Postpartum sepsis contributes to maternal mortality as a direct cause in significant proportion. Its incidence varies globally, being more in developing nations. The sepsis is more commonly related to childbirth process and early pregnancy miscarriages including illegally induced abortions. There is need to prevent sepsis primarily by adopting infection control measures at all levels. Sepsis should be recognized early and treated vigorously to prevent severe sepsis, septic shock and multiorgan failure. The clinical symptomatology and laboratory parameters need to be monitored intensively for instituting appropriate interventions. The antibiotics and fluid resuscitation besides infection source control are mainstay of therapy. There should be no delay in referring sepsis patients to appropriate higher centre where critical care is available. A prophylactic dose of antibiotic prior to surgical procedure is an evidence-based risk reduction strategy.
- 4.WHO Fact sheet: Countdown to 2015 decade report (2000–2010) WHO 2010. www.who.int/mediacentre/factssheets/fs348.
- 5.Final pilot report-ICMR—Estimates of maternal mortality ratios in India and its states—a pilot study. www.icmr.nic.in/finalpilotreport.pdf. July 2003.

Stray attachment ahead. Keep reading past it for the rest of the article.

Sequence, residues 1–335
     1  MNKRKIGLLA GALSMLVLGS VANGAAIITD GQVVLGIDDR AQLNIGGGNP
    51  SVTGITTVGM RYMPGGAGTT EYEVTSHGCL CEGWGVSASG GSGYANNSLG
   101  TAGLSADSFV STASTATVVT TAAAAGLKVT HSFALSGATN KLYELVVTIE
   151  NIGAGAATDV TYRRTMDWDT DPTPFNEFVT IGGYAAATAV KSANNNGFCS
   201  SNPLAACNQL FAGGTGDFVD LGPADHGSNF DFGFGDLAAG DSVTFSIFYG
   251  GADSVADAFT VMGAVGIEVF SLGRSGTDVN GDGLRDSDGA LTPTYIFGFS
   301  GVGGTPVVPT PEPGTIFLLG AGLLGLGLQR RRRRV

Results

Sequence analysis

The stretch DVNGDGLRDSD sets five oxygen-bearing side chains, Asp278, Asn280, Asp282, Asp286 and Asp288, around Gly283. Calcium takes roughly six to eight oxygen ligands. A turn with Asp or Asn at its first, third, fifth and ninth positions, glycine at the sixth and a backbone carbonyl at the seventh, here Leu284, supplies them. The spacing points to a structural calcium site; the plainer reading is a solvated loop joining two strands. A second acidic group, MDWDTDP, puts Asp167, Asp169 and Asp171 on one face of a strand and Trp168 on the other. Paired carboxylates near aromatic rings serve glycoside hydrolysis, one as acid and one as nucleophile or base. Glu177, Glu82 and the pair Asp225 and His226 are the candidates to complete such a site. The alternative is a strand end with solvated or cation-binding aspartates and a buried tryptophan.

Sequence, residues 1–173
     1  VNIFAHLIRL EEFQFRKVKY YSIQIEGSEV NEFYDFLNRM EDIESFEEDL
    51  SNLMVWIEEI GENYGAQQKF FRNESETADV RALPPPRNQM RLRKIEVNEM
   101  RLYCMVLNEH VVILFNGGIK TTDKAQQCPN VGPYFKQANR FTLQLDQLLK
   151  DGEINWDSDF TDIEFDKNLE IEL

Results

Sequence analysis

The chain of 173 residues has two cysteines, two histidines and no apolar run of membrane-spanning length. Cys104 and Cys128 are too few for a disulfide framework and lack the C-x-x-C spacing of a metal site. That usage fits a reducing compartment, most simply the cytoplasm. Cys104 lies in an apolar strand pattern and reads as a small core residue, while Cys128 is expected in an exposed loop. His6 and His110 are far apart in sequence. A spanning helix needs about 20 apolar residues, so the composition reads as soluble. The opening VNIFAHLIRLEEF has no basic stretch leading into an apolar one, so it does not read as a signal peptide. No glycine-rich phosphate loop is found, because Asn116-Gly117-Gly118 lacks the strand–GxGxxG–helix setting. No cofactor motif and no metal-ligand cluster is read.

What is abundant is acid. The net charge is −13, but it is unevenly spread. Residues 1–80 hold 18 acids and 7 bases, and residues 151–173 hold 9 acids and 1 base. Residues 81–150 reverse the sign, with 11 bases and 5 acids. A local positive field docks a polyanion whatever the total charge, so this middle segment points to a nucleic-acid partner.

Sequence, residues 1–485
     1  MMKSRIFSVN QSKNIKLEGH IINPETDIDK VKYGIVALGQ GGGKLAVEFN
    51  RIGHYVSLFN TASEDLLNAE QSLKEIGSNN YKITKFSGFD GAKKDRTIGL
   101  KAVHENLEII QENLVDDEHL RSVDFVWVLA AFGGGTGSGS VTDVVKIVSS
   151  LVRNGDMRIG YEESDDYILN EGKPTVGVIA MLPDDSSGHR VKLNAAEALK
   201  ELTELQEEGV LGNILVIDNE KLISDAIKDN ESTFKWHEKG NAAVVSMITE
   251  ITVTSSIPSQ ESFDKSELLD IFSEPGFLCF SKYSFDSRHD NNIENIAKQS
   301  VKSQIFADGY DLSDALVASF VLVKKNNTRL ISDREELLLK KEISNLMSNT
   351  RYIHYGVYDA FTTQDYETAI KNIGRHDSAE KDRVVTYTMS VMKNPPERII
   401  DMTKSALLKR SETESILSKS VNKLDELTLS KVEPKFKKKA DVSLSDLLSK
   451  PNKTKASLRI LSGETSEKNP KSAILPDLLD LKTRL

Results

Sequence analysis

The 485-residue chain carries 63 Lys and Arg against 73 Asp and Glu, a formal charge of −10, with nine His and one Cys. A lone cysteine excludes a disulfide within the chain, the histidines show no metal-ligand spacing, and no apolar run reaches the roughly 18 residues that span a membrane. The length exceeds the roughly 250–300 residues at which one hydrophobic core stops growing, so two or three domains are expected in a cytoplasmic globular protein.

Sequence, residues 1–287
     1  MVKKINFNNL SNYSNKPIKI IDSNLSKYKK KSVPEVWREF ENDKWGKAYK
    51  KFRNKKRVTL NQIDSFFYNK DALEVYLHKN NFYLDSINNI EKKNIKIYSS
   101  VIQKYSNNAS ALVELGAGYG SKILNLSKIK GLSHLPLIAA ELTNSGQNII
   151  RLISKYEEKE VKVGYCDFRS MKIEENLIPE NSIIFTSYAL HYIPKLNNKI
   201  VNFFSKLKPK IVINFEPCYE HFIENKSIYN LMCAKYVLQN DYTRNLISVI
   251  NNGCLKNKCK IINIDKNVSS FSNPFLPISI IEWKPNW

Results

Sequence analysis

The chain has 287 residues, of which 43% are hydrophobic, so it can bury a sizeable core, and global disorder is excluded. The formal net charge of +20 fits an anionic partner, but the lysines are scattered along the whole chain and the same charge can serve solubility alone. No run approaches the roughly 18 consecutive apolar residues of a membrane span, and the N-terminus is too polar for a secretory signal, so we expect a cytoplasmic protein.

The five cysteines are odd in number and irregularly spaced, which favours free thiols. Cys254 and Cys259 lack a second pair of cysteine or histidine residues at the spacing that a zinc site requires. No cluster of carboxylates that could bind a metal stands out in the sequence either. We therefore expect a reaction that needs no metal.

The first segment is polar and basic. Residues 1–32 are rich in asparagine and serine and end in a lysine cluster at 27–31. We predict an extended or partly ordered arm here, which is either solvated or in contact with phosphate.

- 6.Centre for Maternal and Child Enquiries (CMACE). Saving mother’s lives: reviewing maternal deaths to make motherhood safer: 2006–08. The eighth report on confidential enquiries into maternal deaths in United Kingdom. BJOG 2011;118 Suppl 1:1–203.Google Scholar
- 8.Centre for the Enquiry into Maternal and Child Health (CEMACH). Saving mothers’ lives: reviewing maternal deaths to make motherhood safer 2003–2005. In: Lewis G, editor. The seventh confidential enquiry into maternal deaths in the United Kingdom. London; 2007.Google Scholar
- 10.Royal College of Gynaecologists. Bacterial sepsis in pregnancy. Green-top guideline No. 64a. 2012.Google Scholar